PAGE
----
On Afobe’s Loan Move And Under-21 Permier League
Another night passes, another day dawns. And still we await official confirmation of Santi Cazorla’s arrival. Perhaps Malaga representatives are in Ivan’s office as we speak, counting fivers and tenners, afraid he may have stuffed the bag with old newspapers underneath a top layer of banknotes. I have visions of Gazidis with his feet up on the desk, blowing smoke circles from his cigar as he savours the hitherto unknown joy of dealing with a sheikh-owned club on the front foot.
While Cazorla’s signing is yet to be announced, the club website has confirmed another transfer rumour that has done the rounds lately – that of Benik Afobe’s season-long loan to Bolton Wanderers. Owen Coyle’s side are fast becoming the finishing school for talented youngsters from bigger clubs. Jack Wilshere and Daniel Sturridge have benefitted in previous years and although Ryo Miyaichi was unable to help the Trotters avoid relegation last season, his time at the Reebok was certainly a step forward for the Japanese youngster.
Benik Afobe was involved in all three pre-season games but didn’t impress enough to push for a place in the squad. With plenty of strikers fighting for limited positions it was always going to be difficult anyway so a loan move was anticipated. But with a couple of spells at Huddersfield and Reading already, you suspect Benik needs to deliver big time at Bolton this season to have a future at Arsenal. Hopefully the 19-year old can have a positive impact on the Trotters’ season. Good luck Benik.
For youngsters that don’t go out on loan, this season promises a more competitive environment to play their football in with the launch of the inaugural Under-21 Premier League. When Arsenal confirmed their participation in the NextGen Series back in June, I felt EPL clubs would benefit from a more competitive Reserves’ league with a mix of younger and more experienced squad members playing along side each other.
The new Under-21 Premier League seems to have been incorporated to address this issue. Split into three groups at the initial stage, 23 teams will compete for the title this season. A knockout format will come into play later in the tournament. Rules allow up to four over-age players (including a goalkeeper) to be part of the team so clubs can field first team squad members as well.
Some thought has gone into the scheduling too with games centred around the Premier League weekend. If needed, it allows first-team managers to start their under-21 players on the bench for Premier League games. In case they are not used, those youngsters can then play a day or two later in the U-21 league.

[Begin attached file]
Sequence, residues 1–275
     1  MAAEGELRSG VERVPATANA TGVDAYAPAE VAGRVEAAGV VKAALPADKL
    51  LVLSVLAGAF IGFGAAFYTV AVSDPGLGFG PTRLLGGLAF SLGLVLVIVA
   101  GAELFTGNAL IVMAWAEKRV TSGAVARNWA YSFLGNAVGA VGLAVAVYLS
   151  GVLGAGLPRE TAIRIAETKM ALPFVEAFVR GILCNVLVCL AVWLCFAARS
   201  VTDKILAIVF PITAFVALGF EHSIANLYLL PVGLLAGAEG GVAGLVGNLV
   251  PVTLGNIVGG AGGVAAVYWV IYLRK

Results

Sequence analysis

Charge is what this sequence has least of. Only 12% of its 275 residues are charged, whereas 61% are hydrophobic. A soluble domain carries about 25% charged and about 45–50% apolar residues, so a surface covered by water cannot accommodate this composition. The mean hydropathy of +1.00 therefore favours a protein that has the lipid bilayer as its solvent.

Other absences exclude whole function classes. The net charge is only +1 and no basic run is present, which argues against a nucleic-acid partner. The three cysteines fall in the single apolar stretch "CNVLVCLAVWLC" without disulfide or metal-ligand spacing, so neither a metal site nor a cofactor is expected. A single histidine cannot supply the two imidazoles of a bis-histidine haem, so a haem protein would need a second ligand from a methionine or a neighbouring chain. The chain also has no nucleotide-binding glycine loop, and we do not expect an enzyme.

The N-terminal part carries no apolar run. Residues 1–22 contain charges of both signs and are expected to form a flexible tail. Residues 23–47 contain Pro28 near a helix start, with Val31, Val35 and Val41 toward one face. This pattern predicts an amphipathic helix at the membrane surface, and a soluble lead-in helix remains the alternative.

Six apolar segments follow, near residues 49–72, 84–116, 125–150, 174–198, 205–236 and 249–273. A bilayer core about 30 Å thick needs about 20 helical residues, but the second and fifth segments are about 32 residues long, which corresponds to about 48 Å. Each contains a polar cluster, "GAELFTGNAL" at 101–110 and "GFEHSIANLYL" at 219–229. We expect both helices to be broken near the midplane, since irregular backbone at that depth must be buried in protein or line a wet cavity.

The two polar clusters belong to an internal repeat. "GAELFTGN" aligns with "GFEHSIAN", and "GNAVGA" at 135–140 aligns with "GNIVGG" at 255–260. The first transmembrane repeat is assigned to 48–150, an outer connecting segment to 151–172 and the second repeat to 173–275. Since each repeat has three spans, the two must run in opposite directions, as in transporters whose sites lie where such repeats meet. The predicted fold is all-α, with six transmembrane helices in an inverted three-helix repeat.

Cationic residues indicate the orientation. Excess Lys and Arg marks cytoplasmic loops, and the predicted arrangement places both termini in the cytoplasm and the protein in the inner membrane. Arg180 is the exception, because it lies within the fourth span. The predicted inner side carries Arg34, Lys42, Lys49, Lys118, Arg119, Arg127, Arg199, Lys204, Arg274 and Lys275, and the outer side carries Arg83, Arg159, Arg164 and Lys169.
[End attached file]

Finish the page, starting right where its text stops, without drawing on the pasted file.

Although it may not be as competitive as the Spanish system, it seems to be a step up from the meaningless Reserves fixtures played out in previous years. And along side the Under-18 NextGen Series, there will be plenty of opportunities for both players and clubs to compare and measure progress.
For Arsenal, it’s a chance to evaluate players approaching their twentieth birthday while also blooding in a few of the younger players. Since the Youth Cup winning side of 2009, Arsenal’s new crop haven’t impressed too much and many have been let go by the club. But with the likes of Ebecilio, Eisfeld, Gnabry, Toral and Bellerin (among others) coming through, a more competitive Reserves league augurs well for the development of these talented footballers.
Pre-season for Arsenal’s youngsters hasn’t been convincing so far though. After victory over Boreham Wood, we have drawn against Stevenage and lost to Dartford. That last defeat came despite Terry Burton fielding an experienced looking line-up with many of the younger members from the Far East tour playing in that game. Perhaps jet-lag can be cited as an excuse.
But if Arsenal are to compete strongly with financially doped clubs it’s vital to have a youth setup that delivers regularly. In that respect, the Under-21 Premier League should be beneficial to Arsenal both for player development and stock evaluation.